• I feel very privileged and a lot more that our story had a happy ending, Moira. But ‘privileged’ is exactly the word. Too many people don’t have the advantages my husband and I did, and their stories are so sad. It is, as you say, a heartless policy to remove children from their parents like that. I just cannot comprehend how anyone can conscience that. Hopefully if enough people refuse to let it become ‘the new normal,’ it will stop.

  12. This is an incredibly powerful story, Margot, and I found it very moving as well. Good on you for speaking up about this inhumane policy – especially when so many others can’t.

    • Thanks for the kind words, Mrs. P. And I couldn’t agree with you more about the policy. It is cruel, inhumane, and unconscionable. I truly hope that if enough people refuse to accept it, that it will stop.

  13. As a citizen of Australia, whose policies on refugees and asylum seekers put us to shame globally, I salute every effort in support of humanitarian responses to the refugee crisis, including your blog post, Margot. If everyone in government had the empathy and compassion that you demonstrate in this post, the world would be a much better place.

    • Thank you, Angela. I know just how you feel about your own country having shameful policies. My hope really is that if enough people refuse to be quiet and go away about it, things will change. I know they won’t change if people accept such inhumane policies as ‘normal.’ They’re not. They’re wrong, and I think governments need to be reminded that societies’ treatment of the most vulnerable is a measure of their success.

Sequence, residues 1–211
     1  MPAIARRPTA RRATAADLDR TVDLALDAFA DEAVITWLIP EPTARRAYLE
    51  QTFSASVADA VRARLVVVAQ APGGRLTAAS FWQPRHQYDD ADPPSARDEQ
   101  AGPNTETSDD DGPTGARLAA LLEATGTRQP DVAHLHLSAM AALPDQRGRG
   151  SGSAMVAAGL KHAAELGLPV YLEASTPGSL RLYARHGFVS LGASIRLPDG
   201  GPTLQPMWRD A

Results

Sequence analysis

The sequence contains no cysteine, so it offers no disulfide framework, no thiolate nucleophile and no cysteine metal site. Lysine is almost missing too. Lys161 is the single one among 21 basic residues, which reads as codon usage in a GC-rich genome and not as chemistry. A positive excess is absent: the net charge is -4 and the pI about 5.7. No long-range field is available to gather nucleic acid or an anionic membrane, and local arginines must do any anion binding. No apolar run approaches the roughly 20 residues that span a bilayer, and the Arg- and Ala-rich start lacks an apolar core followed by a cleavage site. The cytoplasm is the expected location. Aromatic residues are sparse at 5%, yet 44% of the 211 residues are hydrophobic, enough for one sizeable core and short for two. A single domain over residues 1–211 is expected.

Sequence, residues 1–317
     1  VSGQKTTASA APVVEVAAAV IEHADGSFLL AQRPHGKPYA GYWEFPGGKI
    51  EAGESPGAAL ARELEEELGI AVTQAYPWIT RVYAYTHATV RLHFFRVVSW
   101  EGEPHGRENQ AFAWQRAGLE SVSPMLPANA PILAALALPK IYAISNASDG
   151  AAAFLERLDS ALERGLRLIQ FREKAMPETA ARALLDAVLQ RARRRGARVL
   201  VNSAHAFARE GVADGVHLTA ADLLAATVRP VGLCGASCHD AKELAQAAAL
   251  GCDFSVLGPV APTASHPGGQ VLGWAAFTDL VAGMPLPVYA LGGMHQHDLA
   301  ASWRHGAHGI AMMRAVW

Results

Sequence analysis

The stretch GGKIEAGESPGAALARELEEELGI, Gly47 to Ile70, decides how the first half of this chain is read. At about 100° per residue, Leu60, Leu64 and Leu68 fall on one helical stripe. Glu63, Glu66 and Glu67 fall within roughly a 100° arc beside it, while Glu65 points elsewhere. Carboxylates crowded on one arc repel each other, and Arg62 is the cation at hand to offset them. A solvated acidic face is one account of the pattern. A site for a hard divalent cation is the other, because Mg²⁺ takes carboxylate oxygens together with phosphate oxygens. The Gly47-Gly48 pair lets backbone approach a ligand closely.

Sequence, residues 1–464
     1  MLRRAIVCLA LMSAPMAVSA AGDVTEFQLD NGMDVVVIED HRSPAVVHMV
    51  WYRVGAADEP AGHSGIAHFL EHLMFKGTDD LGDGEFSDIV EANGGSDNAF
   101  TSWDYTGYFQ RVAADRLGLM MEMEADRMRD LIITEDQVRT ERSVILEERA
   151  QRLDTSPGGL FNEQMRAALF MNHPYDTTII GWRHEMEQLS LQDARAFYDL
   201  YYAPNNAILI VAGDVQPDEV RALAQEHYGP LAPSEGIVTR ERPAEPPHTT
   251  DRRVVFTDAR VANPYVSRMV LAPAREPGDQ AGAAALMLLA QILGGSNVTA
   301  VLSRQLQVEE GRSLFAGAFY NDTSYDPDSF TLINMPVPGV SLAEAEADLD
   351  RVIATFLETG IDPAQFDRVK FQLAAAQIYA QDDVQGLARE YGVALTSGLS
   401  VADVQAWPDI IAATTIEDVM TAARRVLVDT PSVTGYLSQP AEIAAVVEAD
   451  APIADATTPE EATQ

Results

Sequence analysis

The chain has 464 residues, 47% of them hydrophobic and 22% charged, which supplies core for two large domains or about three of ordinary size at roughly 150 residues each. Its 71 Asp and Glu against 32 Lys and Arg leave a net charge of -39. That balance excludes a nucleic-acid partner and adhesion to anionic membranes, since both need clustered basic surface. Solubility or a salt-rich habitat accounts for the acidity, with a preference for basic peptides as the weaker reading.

14. mudpuddle

    today’s america is a travesty of what it used to be; and it’s the republicans’ fault… if it takes a revolution to restore normalcy, then that’s what needs to happen…

    • It’s definitely not the America I wanted to share with my daughter, Mudpuddle. That’s part of why I wrote this. I don’t want this sort of thing to be considered ‘the new normal.’ It’s not normal, and it’s not right.

  15. Oh Margot, how generous of you to share such an important part of your life with us here. And how terribly upsetting it must be for you to even think of the unthinkable. You are so right – it is not normal – it is inhumane and a form of psychological torture. It make my stomach hurt and my blood boil.

    World history and its lessons has no effect on ignoramuses.